Matthew goes on immediately to the birth in Bethlehem, without giving any reason for it being there, and describes the visit of the Magi “from the east“ (Matthew 2:1), which could have been Persia, Babylonia or Arabia. They are traditionally known as “wise men”. The word “Magi” is of Persian origin and indicates they were regarded as “wise” in some fields of knowledge, which certainly included astrology in this instance. The tradition that these were three kings dates back to the time of Tertullian in the second century. This tradition may well have come through association with words from Psalm 72:10,15, “May the kings of Sheba and Seba present him gifts … May gold from Sheba be given him”, or Isaiah 60:3, “Nations will come to your light, and kings to the brightness of your dawn”. The fact that there were three visitors has been assumed, as three gifts are mentioned. Whoever they were, they appear to be men of some wealth which would be in sharp contrast with the humble shepherds. This is an early indication that the benefits this child was to bring would be for all social classes and people of all nations. It is perhaps significant that he was revealed to the humble and ignorant first, and then to the wise and learned; to the poor first, and then to the rich; to the Jew first, and then to the Gentile.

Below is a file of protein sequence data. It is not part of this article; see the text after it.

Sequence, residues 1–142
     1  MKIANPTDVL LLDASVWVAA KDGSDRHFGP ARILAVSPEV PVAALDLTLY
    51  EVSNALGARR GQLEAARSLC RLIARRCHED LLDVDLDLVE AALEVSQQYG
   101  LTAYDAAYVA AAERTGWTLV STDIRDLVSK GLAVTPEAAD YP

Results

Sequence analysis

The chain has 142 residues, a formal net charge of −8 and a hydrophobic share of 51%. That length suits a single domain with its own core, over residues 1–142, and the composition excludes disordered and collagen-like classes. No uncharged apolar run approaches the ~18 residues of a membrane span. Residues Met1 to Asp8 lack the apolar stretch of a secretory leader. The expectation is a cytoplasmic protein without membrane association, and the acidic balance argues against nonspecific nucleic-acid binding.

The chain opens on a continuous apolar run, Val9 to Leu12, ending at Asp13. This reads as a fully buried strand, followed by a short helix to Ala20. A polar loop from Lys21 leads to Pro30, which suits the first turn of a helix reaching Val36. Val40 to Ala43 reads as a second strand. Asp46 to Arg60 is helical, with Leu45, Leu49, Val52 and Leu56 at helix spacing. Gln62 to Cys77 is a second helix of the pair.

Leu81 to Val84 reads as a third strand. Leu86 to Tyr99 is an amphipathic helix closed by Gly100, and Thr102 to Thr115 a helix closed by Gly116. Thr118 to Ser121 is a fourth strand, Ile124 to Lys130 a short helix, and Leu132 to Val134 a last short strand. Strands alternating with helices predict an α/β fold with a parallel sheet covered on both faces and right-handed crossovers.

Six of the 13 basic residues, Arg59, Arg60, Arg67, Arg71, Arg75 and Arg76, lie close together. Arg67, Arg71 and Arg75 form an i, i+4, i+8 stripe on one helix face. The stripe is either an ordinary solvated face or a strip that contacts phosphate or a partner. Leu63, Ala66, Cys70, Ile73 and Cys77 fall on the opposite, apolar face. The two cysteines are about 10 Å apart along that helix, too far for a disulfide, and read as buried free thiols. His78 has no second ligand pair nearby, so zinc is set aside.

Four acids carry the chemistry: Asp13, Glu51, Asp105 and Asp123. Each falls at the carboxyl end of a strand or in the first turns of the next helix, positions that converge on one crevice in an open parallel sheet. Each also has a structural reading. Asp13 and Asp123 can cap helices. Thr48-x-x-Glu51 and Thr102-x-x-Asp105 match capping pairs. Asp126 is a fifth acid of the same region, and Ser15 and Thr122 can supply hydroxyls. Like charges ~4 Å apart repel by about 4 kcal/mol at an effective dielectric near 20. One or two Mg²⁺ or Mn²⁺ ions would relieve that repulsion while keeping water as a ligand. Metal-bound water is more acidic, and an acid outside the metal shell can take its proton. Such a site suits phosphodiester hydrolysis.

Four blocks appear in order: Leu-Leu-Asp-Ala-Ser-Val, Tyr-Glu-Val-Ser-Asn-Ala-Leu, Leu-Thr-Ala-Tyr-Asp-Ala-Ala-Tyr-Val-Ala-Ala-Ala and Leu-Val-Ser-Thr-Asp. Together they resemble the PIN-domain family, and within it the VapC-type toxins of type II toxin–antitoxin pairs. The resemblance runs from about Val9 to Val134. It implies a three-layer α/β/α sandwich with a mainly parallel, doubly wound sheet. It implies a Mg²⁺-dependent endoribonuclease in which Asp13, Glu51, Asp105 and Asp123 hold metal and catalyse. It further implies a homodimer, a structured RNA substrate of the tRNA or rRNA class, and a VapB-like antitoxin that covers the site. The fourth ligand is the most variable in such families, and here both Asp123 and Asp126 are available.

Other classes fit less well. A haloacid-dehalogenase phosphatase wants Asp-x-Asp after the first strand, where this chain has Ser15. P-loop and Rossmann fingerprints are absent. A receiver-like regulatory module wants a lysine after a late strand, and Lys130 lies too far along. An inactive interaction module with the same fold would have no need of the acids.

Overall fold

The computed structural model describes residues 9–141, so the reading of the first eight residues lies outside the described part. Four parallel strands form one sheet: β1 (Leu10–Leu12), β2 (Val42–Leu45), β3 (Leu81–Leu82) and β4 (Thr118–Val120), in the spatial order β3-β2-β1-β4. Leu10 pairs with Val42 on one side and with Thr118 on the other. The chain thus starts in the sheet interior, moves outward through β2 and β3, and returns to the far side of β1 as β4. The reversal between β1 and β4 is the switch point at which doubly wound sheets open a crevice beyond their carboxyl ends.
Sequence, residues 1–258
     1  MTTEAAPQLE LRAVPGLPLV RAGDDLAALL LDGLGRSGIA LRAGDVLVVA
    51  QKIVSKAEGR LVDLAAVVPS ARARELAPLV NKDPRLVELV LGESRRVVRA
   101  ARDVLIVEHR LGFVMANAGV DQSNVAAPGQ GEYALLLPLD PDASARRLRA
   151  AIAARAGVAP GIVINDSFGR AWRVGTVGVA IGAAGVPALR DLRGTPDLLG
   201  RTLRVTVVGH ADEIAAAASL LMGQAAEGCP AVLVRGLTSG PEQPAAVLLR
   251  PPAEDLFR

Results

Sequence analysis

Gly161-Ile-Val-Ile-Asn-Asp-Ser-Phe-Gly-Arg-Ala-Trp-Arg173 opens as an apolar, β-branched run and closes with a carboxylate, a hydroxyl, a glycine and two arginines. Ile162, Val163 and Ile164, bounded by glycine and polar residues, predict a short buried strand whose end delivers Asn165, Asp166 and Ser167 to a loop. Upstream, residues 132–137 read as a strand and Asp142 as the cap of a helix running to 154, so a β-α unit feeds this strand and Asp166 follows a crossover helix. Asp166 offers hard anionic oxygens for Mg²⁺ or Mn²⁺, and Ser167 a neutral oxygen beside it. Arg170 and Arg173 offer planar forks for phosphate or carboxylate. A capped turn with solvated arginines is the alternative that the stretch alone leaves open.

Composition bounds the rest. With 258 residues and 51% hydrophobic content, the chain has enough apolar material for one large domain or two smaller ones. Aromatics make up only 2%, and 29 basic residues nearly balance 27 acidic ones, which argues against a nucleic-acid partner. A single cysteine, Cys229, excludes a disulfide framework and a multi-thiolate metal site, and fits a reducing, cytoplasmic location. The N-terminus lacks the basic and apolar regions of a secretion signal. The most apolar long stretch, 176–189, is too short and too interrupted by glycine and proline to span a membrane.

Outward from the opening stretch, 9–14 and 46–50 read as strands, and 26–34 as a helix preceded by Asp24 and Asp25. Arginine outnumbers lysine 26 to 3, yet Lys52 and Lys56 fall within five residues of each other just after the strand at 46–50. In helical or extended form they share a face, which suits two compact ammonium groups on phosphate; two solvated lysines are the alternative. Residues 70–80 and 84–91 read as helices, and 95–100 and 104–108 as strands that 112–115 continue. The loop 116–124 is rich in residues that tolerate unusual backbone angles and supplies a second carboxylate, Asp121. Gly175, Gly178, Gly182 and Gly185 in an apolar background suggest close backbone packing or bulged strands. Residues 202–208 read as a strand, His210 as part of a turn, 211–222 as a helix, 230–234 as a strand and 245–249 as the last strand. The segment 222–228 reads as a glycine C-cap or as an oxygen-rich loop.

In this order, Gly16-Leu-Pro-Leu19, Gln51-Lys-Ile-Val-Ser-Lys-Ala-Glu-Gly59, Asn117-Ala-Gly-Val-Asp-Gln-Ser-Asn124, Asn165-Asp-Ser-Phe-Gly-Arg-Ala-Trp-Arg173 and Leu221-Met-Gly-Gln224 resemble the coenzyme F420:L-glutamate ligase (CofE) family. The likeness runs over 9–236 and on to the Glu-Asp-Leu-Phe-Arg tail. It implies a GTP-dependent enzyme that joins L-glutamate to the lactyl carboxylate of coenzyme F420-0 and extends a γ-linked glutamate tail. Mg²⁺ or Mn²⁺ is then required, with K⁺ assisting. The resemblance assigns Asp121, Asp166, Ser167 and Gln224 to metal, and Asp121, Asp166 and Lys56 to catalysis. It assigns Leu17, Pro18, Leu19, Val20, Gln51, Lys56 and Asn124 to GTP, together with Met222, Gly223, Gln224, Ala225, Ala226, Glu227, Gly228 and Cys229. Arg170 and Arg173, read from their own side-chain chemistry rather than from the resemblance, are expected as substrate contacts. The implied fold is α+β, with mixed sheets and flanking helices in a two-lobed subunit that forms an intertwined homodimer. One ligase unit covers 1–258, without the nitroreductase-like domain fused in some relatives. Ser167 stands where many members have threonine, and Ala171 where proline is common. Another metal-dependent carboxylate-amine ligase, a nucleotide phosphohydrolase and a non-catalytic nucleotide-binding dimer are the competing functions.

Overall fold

The dating of the visit of the Magi is not certain. It is said to have taken place in a “house”, which may indicate that Mary had moved from the place of birth. The word for “child” (paidion—Matthew 2:11) implies a young child rather than a baby. When Herod plans to kill the child he orders the slaughter of all the boys in Bethlehem “who were two years old or under, in accordance with the time he had learned from the Magi” (Matthew 2:16). This could possibly mean that Jesus had been born (or conceived?) two years earlier when the star first appeared and that Mary and Joseph had stayed in the vicinity of Bethlehem for that length of time. We know that Herod died in 4 B.C.so this would put the birth as early as 6B.C. However, we can only speculate on such things.
Much ink has been spilt in speculation as to the nature of the “star”. The only clues given us in the Bible are that they “saw his star when it rose”, which may have been up to two years before their visit to Jerusalem, and that it “went before them” on the journey from Jerusalem to Bethlehem and “stopped over the place where the child was” (Matthew 2:2,9). Suggestions have included: